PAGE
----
V. IV. For, for, for, mine eye shall not return to see good things, to see good things, to see good things, to see good things, to see good things, to see good things, to see good things, to see good things, to see good things.
There was a man.
The salvation of the world, and that of each individual man, is, virtually, ever in the august Sacrifice, whose power restoresman by appeasing God. With a confidence that fails not, let us use it, as the most efficacious recourse that can be had to the divine mercy.
Suscipe, Domine, propitius hostias, quibus et te piacari voluisti, et nobis salutem potenti pietate restitui. Per Dominum.
Mercifully receive, O Lord, these offerings, by which thou art pleased to be appeased, and in thy powerful goodness to restore our salvation. Through, etc.
The other Secrets, as on page 130.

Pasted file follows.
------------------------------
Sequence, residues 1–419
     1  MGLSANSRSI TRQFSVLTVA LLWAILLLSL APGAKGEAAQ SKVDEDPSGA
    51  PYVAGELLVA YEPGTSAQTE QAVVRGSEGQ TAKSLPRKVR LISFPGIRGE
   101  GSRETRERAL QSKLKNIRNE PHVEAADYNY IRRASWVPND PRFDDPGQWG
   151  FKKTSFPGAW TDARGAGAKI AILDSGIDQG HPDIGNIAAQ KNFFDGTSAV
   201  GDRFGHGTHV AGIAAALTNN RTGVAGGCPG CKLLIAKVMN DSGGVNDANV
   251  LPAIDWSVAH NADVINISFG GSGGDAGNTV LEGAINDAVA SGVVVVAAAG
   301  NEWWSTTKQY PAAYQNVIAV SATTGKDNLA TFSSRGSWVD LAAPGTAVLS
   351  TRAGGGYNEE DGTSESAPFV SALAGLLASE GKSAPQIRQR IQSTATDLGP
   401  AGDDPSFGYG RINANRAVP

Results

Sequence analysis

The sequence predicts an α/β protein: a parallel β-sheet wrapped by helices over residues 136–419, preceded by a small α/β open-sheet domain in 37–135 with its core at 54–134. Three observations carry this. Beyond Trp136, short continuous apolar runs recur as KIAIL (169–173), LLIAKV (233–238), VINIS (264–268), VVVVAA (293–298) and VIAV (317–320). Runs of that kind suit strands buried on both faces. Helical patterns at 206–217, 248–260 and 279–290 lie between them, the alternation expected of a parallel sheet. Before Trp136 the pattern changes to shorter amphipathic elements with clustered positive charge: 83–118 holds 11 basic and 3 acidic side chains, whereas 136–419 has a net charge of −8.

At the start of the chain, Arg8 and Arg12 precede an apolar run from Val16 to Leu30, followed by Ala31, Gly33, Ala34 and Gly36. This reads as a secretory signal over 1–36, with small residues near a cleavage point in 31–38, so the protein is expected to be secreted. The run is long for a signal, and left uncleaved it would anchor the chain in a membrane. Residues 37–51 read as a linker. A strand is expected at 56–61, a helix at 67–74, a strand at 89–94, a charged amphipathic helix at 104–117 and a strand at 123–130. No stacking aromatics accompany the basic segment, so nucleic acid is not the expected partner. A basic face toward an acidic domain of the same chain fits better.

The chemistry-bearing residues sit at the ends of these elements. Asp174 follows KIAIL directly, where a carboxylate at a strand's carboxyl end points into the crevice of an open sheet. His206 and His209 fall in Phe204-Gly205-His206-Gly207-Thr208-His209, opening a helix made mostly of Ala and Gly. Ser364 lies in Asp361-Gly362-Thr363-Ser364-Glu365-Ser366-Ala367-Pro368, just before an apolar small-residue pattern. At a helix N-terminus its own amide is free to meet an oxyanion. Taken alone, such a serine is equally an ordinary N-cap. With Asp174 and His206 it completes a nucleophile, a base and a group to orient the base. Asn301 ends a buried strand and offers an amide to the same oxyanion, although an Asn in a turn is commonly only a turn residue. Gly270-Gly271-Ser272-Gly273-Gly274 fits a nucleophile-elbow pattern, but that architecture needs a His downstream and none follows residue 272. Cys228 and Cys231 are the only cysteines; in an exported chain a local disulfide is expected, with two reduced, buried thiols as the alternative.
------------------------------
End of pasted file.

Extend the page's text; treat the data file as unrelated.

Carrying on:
An unflagging hope ever accompanies the admirable patience of holy Church. Persecutions, be they ever so fierce or long, never interrupt her prayer for, as the Communion expresses it, she keeps in her heart a faithful recollection of the word of salvation that was given her by God.
In salutari tuo anima mea, et in verbum tuum speravi : quando facies de persequentibus me judicium? Iniqui persecuti sunt me : adjuva me, Domine Deus meus.
My soul hath looked to be saved by thee, and hath relied on thy word: when wilt thou judge them that persecute me? The wicked ones have persecuted me: help me, O Lord my God!
Now that we have been nourished by the food of immortality, let us live on it, with all the sincerity of a soul that is made pure.
Immortalitatis alimoniam consecuti, quæsumus Domine : ut quod ore percepimus, pura mente sectemur. Per Dominum.